If one is injured and believes his injuries prevent him from becoming a police officer, will the court be convinced of the loss? What if he’s taken just one step in this regard, and lacks the pre-requisites for the role?
In today’s case of Dhaliwal v. Randhawa 2016 BCSC 2005, the plaintiff was a 19-year-old labourer at Sun Rich Foods when he was injured in a 2011 collision. He suffered injuries to neck, back, and shoulder, and those injuries had become chronic in nature by the time of the trial. Immediately after the collision, he was off work for a number of weeks, and quit his job after attempting a return to work. The evidence was that he was unhappy with his job and didn’t like working in the same place as his father. Over the following years, he continued working in labour roles, and his earnings steadily increased. He was awarded $5,500.00 for past income loss attributable to his injuries.
He also sought an award for loss of future earning capacity, saying that he could not pursue his goal of becoming a police officer. Mr. Justice Butler determined that the plaintiff failed to prove a real and substantial possibility that his injuries would cause him a future loss, explaining as follows:
 Mr. Dhaliwal says that he has lost a capital asset. He points to the ongoing symptoms that he suffers and says they render him less capable of qualifying for employment that would otherwise be available to him. Further, he says the injury cost him the chance of becoming a police officer or firefighter.
 The difficulty with Mr. Dhaliwal’s position is that I have not accepted the underlying assumption. I concluded that his ongoing symptoms are not serious. He suffers from discomfort that he manages effectively. He has held a number of jobs which required repetitive and occasional heavy lifting and has been able to do that work successfully. I also concluded that his situation will not deteriorate. These findings are almost a complete answer to the claim for loss of capacity. The one outstanding question is whether there are other activities which he cannot do that have reduced his employment options. Of course, Mr. Dhaliwal says this is the case with regard to possible employment as a police officer or firefighter.
 There are two main answers to the plaintiff’s contention: i) there is no evidence that he is unable to perform the physical tasks required for those occupations; and ii) the reason that Mr. Dhaliwal has not pursued those occupations has nothing to do with his injuries. I will address these in turn.
 The case for a loss of capacity was built around Mr. Dhaliwal’s desire to be a police officer. He sent an email with an attached letter to the Delta police on June 18, 2011 expressing his interest in becoming a police officer. The accident occurred only two weeks later and the plaintiff says he believed that his injuries would prevent him from carrying out the duties of a police officer. Surprisingly, he never made inquiries into what the requirements were to become a police officer. However, he clearly did not meet them. He did not have sufficient post-secondary education and had never done any community volunteer work. The Delta police were not able to open Mr. Dhaliwal’s cover letter and sent an email to him in response. He either did not receive the email or did not respond to it. In any event, he never followed up on the expression of interest.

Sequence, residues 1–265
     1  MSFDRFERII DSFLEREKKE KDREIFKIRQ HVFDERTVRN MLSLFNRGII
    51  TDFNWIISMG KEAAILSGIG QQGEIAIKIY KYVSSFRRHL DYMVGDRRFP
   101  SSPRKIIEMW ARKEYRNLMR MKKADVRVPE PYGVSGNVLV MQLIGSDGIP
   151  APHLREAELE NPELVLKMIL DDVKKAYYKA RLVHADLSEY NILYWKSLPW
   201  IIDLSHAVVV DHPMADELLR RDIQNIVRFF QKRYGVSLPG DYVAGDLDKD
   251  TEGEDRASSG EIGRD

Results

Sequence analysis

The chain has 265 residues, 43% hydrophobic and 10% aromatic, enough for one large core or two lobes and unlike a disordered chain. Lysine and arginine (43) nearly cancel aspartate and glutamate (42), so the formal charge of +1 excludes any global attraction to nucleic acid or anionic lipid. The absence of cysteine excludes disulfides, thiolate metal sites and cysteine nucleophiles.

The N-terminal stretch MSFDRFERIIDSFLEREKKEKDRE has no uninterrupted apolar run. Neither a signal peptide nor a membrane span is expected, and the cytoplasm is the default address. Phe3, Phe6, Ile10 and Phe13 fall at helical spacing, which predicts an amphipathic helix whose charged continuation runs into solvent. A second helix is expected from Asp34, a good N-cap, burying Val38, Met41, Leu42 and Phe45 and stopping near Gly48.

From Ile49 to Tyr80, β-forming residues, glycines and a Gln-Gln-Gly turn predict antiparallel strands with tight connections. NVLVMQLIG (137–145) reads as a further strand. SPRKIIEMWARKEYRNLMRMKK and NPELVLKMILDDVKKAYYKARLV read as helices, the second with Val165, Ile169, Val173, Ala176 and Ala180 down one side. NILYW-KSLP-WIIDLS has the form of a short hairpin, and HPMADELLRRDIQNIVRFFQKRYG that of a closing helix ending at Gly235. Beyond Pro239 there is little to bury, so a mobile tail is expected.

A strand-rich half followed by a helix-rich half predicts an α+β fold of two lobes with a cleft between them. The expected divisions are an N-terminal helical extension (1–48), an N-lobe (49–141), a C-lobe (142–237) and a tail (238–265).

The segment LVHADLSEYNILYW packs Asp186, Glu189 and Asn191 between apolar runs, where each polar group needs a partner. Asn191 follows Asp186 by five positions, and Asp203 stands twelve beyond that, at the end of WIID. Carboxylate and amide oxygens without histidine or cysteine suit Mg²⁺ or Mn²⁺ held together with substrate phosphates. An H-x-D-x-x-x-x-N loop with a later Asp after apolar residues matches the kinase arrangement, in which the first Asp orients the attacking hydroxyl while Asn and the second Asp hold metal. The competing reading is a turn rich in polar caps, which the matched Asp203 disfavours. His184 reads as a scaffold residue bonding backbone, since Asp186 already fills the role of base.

The suggestion that he lost the chance of being a police officer as a result of the accident fails not only because of the absence of medical evidence. Mr. Dhaliwal is not qualified to be considered as a police officer as a result of his education and experience. Based on the evidence of Constable Sernoski, it is clear that Mr. Dhaliwal’s résumé and cover letter would not have attracted the interest of any police recruitment officer.
 I also note that the plaintiff has recently run into difficulties at work which have nothing to do with his injuries but could negatively impact his future employment. He was dismissed from his position with Canada Cartage because of a series of problems with his performance. These included processing errors and unexcused absences from work. He had previously been suspended for loading errors, including one instance where he was responsible for a trailer which was loaded incorrectly and fell off its support. It caused damage to the trailer and to the roof of the building and put the safety of employees at risk. To make matters worse, he posted photos of the damaged trailer and building on Facebook.
 Mr. Dhaliwal’s employment record with Canada Cartage would negatively impact the possibility of future employment opportunities with any police force. He has also made Facebook postings critical of the police. This is unwise for someone who professes an interest in police work.
 When I consider Mr. Dhaliwal’s evidence and his education and employment history, I must conclude that Mr. Dhaliwal’s attitude and approach to his work is the real reason that he could not, at present, pursue employment as a police officer or a firefighter. I must say that I found Mr. Dhaliwal to be an affable and engaging witness. It is also evident that he has a lot of abilities and interests. However, he needs to approach one of his interests with focus and determination if he is to succeed in finding more fulfilling work.
The judge concluded by pointing out that he recognized the discomfort that the plaintiff would continue to endure at work, noting that he factored that into his non-pecuniary losses award.